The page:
Last week was my birthday. As birthdays goes, it was fine. As they say, it’s much better than the alternative.
It’s interesting that when I talk about age with people from 30 to 70 years old, the standard refrain is, “I really don’t FEEL any older than I did at XX”, with XX being a number several years younger than they presently are. I know that I’m not the babe I used to be, but I still work lots of hours every week, take wonderful vacations when I can and overall enjoy life. Generally, if you asked me, I’d say that neither age nor RA have taken away much, if any, of my quality of life.
But birthdays have a way of making you stop and reflect.
It’s true that I, like many newly diagnosed patients with RA, read everything and believe that we have a good chance of being disabled within five years — or at least being sidelined from many of the things we enjoy. That was obviously an incorrect prediction on my part, but when I stop to reflect on the things RA has brought to my life, it does make me reassess the impact RA has had.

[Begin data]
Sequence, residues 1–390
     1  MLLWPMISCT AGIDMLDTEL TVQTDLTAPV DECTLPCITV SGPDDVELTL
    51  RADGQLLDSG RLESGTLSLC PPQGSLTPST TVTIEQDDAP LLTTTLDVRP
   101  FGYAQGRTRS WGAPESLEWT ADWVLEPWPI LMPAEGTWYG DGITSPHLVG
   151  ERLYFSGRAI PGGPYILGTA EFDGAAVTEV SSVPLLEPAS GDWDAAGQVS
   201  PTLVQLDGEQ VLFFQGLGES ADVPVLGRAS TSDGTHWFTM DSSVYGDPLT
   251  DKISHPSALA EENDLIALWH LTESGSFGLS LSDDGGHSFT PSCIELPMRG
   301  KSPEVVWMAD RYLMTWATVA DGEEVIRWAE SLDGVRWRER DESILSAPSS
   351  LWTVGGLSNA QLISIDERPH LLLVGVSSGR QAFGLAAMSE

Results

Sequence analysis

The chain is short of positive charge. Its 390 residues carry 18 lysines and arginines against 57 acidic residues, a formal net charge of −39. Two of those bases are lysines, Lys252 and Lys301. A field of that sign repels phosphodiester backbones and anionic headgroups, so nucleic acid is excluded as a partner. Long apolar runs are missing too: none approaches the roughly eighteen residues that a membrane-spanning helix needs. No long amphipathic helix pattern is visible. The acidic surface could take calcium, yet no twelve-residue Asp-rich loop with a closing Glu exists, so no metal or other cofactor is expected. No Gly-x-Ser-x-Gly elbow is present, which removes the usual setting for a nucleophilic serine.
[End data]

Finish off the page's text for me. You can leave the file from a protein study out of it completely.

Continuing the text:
I have a new hip, a new shoulder, screws in both arms, and a rod and screws in my spine. I’m expecting a new knee any day now. (When I die, they’re not going to bury me, they’re just going to turn me into a hardware store.) In addition I’ve had multiple rotator cuff and other shoulder surgeries, countless hours of physical therapy, and more prescription pills and injections than you can count. I have a wonderful litany of doctors and surgeons I didn’t even know existed five years ago.
But I have to be thankful that in spite of (or more accurately, because of) all this medical hoopla, I’m still active, productive, and reasonably happy. If it weren’t for caring doctors, medical science, and good insurance, the prediction of my health and well-being I made when I was first diagnosed would probably be true.
So when I blow out the candles and make a wish, I wish for good health and give thanks for the complex medical machine that has allowed me to keep as much health and lifestyle as I have.
I also wish that today brings you health and happiness as well. Thanks for checking in.